across

EnglishEdit

EtymologyEdit

Middle English acros, from a-croiz, from Anglo-Norman an (on) + Old French croiz (in the form of a cross), from Latin crux

PronunciationEdit

PrepositionEdit

across

  1. To, toward, or from the far side of (something that lies between two points of interest).
    We rowed across the river.
    Fortunately, there was a bridge across the river.
    He came across the street to meet me.
  2. On the opposite side of (something that lies between two points of interest).
    That store is across the street.
  3. (Southern US, African American Vernacular)  On the opposite side, relative to something that lies between, from (a point of interest).
    • 1994 June 21, Thong P Tong <tongtp@coyote.cig.mot.com(a)coyote.cig.mot.com>, "Re: Battle Tech Center", message-ID <2u7lsi$79n@delphinium.cig.mot.com>, comp.sys.ibm.pc.games, Usenet [1]:
      And make sure you're parked across the mall in the outside lot. [] Last time I was there, I parked in a parking structure and paid an arm and a leg for it.
    • 1995, Ronald Kessler, Inside the White House, 1996 edition, ISBN 0671879197, page 243 [2]:
      On another occasion, Clinton asked Patterson to drive him to Chelsea's school, Booker Elementary, where Clinton met the department store clerk and climbed into her car.
      "I parked across the entrance and stood outside the car looking around, about 120 feet from where they were parked in a lot that was pretty well lit," Patterson recalled. " [] They stayed in the car for thirty to forty minutes."
  4. From one side to the other within (a space being traversed).
    The meteor streaked across the sky.
    He walked across the room.
    Could you slide that across the table to me, please?
    • 1898, Winston Churchill, chapter 8, The Celebrity:
      I corralled the judge, and we started off across the fields, in no very mild state of fear of that gentleman's wife, whose vigilance was seldom relaxed. And thus we came by a circuitous route to Mohair, the judge occupied by his own guilty thoughts, and I by others not less disturbing.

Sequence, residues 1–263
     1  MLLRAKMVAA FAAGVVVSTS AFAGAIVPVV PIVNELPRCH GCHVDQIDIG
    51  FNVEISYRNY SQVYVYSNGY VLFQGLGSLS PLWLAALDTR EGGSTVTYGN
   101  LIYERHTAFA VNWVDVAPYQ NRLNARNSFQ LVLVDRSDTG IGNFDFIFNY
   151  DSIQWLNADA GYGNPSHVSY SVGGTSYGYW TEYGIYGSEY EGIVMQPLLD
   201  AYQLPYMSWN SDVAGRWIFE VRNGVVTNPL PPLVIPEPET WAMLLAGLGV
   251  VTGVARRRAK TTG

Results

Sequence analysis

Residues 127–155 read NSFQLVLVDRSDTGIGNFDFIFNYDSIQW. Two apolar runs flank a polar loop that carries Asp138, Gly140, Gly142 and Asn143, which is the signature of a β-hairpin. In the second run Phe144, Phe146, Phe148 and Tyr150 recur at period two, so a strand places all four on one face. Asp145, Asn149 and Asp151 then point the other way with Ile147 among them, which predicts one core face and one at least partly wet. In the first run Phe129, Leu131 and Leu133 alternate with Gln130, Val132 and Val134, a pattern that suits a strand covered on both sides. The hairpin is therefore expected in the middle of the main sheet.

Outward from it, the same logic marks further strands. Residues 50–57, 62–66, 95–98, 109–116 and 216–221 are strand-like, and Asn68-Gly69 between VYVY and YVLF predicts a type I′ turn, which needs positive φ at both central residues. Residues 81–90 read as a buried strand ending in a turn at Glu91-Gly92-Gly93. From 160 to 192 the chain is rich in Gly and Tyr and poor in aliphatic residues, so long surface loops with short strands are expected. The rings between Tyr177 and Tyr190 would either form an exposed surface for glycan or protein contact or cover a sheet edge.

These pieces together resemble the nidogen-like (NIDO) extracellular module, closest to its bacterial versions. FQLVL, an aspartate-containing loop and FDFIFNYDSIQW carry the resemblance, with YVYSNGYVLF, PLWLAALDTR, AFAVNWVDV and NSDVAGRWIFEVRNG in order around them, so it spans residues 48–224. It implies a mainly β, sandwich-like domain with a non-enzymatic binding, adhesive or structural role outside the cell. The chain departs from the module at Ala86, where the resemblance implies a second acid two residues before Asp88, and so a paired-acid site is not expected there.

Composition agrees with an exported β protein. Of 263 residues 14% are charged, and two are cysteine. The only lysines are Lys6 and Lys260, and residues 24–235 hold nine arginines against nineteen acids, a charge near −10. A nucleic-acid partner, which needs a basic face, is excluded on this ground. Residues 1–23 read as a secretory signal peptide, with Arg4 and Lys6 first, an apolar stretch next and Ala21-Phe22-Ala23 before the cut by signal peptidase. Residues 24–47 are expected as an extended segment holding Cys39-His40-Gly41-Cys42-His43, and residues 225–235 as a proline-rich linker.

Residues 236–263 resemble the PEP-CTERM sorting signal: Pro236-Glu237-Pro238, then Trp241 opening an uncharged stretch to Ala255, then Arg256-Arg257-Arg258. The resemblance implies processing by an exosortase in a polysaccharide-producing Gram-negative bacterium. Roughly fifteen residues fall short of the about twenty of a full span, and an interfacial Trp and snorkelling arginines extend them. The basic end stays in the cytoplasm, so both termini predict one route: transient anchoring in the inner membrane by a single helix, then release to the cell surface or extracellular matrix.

5. At or near the far end of (a space).
    • 2004, Josephine Cox, Lovers and Liars, ISBN 0060525479, page 78 [3]:
      "Mam's baking and Cathleen's asleep. I've got a pile of washing bubbling in the copper, so I'd best be off." With that she was across the room and out the door.
  6. Spanning.
    This poetry speaks across the centuries.
  7. Throughout.
    All across the country, voters were communicating their representatives.
    • 2012 March-April, Anna Lena Phillips, “Sneaky Silk Moths”, American Scientist, volume 100, number 2, page 172: 
      Last spring, the periodical cicadas emerged across eastern North America. Their vast numbers and short above-ground life spans inspired awe and irritation in humans—and made for good meals for birds and small mammals.
    • 2013 June 21, Chico Harlan, “Japan pockets the subsidy …”, The Guardian Weekly, volume 189, number 2, page 30: 
      Across Japan, technology companies and private investors are racing to install devices that until recently they had little interest in: solar panels. Massive solar parks are popping up as part of a rapid build-up that one developer likened to an "explosion."
  8. So as to intersect or pass through or over at an angle.
    Lay the top stick across the bottom one.
    She had straps fastened across the conduit every six feet.

Related termsEdit

Derived termsEdit

TranslationsEdit

AdverbEdit

across (not comparable)

  1. From one side to the other.
    • 2013 July 20, “Welcome to the plastisphere”, The Economist, volume 408, number 8845: 
      [The researchers] noticed many of their pieces of [plastic marine] debris sported surface pits around two microns across. Such pits are about the size of a bacterial cell. Closer examination showed that some of these pits did, indeed, contain bacteria, […].
    she helped the blind man across;  the river is half a mile across
  2. On the other side.
    If we sail off at noon, when will we be across?
  3. In a particular direction.
    He leaned across for a book.
  4. (crosswords) Horizontally.
    I got stuck on 4 across.

TranslationsEdit

NounEdit

across (plural acrosses)

  1. (crosswords) A clue whose solution runs horizontally in the grid.
    I solved all of the acrosses, but then got stuck on 3 down.

StatisticsEdit

External linksEdit

Last modified on 26 March 2014, at 21:40